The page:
Losing your job can make you feel like you’ve lost your identity.  Identity loss can lead to depression, anger, and anxiety. 

But sometimes you might feel like you’ve lost your work identity while you’re still working.  For example, the way you see yourself as an employee might not match the way others – say, bosses or co-workers – treat you.  I call these feedback mismatches.  They can make you question who you are and can create a lot of stress.

It’s NOT Just You

If you’re involved in a feedback mismatch, it may be not even be about something you did.  Factors bigger than you can shape your sense of self.  For example, company mergers and the Great Recession led to layoffs.  In my research, mergers often ended up indirectly producing feedback mismatches.   

Investment Zen/Great Recession Wall Street Sign/flickr/CC BY 2.0/no changes made

Large-scale events in society can shape who we are.

Source: Investment Zen/Great Recession Wall Street Sign/flickr/CC BY 2.0/no changes made

It’s common for new bosses to come on board during mergers.  Those bosses may want things done very differently than in the past.  In other words, the way you see yourself as, say, a retail associate may not match what your new boss believes you “should” be like in your job.  And when you hear that message – directly or indirectly – it can be terrifying.

The Case of Charlie

A good example is 62-year-old “Charlie” who described being an executive as “his life.”  His new boss continually scolded him and even denied his travel requests.  This sent the signal that he was not the employee he thought he was.

(By the way, when you’re blocked from performing the actions that someone in your position should take – like Charlie’s business travel - you start to feel less like that kind of person.  It’s like a welder not being allowed to work with flames.  How could they still feel like a welder?)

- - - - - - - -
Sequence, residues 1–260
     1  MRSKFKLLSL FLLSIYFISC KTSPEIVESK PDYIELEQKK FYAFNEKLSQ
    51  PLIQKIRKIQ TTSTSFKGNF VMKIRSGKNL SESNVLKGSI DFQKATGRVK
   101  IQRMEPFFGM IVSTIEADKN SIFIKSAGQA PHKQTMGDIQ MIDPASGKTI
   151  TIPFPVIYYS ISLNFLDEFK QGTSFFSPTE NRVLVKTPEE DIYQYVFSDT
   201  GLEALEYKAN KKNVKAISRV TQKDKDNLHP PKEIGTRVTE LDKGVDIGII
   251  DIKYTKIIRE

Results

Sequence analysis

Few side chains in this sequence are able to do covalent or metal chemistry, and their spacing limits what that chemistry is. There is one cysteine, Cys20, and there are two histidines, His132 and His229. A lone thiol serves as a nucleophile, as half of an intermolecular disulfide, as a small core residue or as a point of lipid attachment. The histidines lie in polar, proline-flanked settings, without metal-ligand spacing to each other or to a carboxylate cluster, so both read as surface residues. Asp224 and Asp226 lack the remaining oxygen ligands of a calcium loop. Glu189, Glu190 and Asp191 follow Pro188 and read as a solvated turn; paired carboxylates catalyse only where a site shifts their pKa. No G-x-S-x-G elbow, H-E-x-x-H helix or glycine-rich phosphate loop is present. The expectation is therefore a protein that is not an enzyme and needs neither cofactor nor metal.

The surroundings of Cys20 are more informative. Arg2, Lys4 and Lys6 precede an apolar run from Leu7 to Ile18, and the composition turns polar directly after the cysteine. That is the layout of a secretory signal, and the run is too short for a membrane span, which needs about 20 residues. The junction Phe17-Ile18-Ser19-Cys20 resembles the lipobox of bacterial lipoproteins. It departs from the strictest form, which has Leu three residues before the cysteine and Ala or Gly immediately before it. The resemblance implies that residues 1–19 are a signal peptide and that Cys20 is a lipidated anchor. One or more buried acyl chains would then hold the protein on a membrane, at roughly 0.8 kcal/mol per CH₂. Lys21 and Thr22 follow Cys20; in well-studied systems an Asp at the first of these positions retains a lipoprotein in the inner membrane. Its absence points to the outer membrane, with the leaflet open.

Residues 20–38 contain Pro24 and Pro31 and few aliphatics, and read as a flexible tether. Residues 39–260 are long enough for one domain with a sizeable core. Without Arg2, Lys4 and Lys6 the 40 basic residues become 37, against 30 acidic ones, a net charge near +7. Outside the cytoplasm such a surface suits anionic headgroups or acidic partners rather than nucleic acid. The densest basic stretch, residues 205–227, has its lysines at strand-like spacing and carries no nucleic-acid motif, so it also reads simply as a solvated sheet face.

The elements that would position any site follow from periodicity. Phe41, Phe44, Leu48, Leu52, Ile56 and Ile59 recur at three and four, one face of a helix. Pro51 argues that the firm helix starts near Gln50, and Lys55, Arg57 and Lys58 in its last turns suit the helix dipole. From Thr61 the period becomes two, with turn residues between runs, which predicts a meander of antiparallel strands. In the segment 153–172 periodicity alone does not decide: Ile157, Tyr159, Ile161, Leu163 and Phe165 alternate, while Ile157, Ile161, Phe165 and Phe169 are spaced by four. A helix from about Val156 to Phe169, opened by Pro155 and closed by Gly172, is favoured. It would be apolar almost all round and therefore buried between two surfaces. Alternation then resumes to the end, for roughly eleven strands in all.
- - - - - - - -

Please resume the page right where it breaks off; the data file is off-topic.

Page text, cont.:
Finally, someone who reported to Charlie disobeyed him in front of many other employees.   As he put it, “It was just like a stick in the eye…In other words, she’s saying ‘You’re nobody.’”  He told me that these feedback mismatches made him feel “unhappy,” like he was being “tortured,” and that ultimately he felt like “a slug.”

His executive identity began to disappear.  Charlie eventually lost his job, but he told me that even while he was still employed he wondered “Who am I now?”  During a staff meeting, he even literally “drew himself out of the picture” of his workplace, by writing down little stick figures marching toward the edge of the page in front of him, telling me “This is me, taking myself out of this picture.”

So What’s Important Here?

Nicu Buculei/Hurt/flickr/CC BY 2.0/no changes made

Feedback that doesn't fit who you are leaves you feeling under siege.

Source: Nicu Buculei/Hurt/flickr/CC BY 2.0/no changes made

When you get feedback at work that doesn’t fit with your identity, it’s not just about fear of losing your job, or losing face, or not being appreciated, or not getting that promotion; who you are is also under siege.  

Why is this important?  Because once you get that kind of feedback, your own self-view ultimately shifts to the way others see you, and that shift is very, very stressful.

What To Do? 

There are several steps you can take if you find yourself in this situation:

  1. Find new environments where you get feedback consistent with your identity.  You may need to find a different job that better fits how you do things, or volunteer, being around people who confirm that you are indeed the coach/scientist/construction worker/etc. that you believe you are. 
  2. Don’t freeze or stop doing your job!  Continue to perform actions that you believe someone in your role should do.  So if you’re a teacher, keep creating lesson plans, grading, etc.  
    getoutski/IMG_3646/flickr/CC BY 2.0/no changes made

    Identities are performances.  They require constant attention.

    Source: getoutski/IMG_3646/flickr/CC BY 2.0/no changes made

    Erving Goffman said we should think of identity as a performance.  If you stop performing the actions expected of you, you’ll stop “being” that person, and will lose that identity.

  3. If you feel comfortable with your boss, ask him/her about how to perform more to their expectations.  When we meet role expectations, we identify more strongly with the role, and we’re more likely to get feedback supporting that identity.   (BUT, if your definition of what’s expected clashes with your boss’s definition, go back to Step 1.  Clashing definitions create further identity crises.)
  4. Lobby for more workforce stability, fewer mergers, and more advance notice of layoffs to give people time to make identity transitions.

Have you ever experienced a feedback mismatch?  What did you do to manage it?   Please share your tips with me and other readers. 

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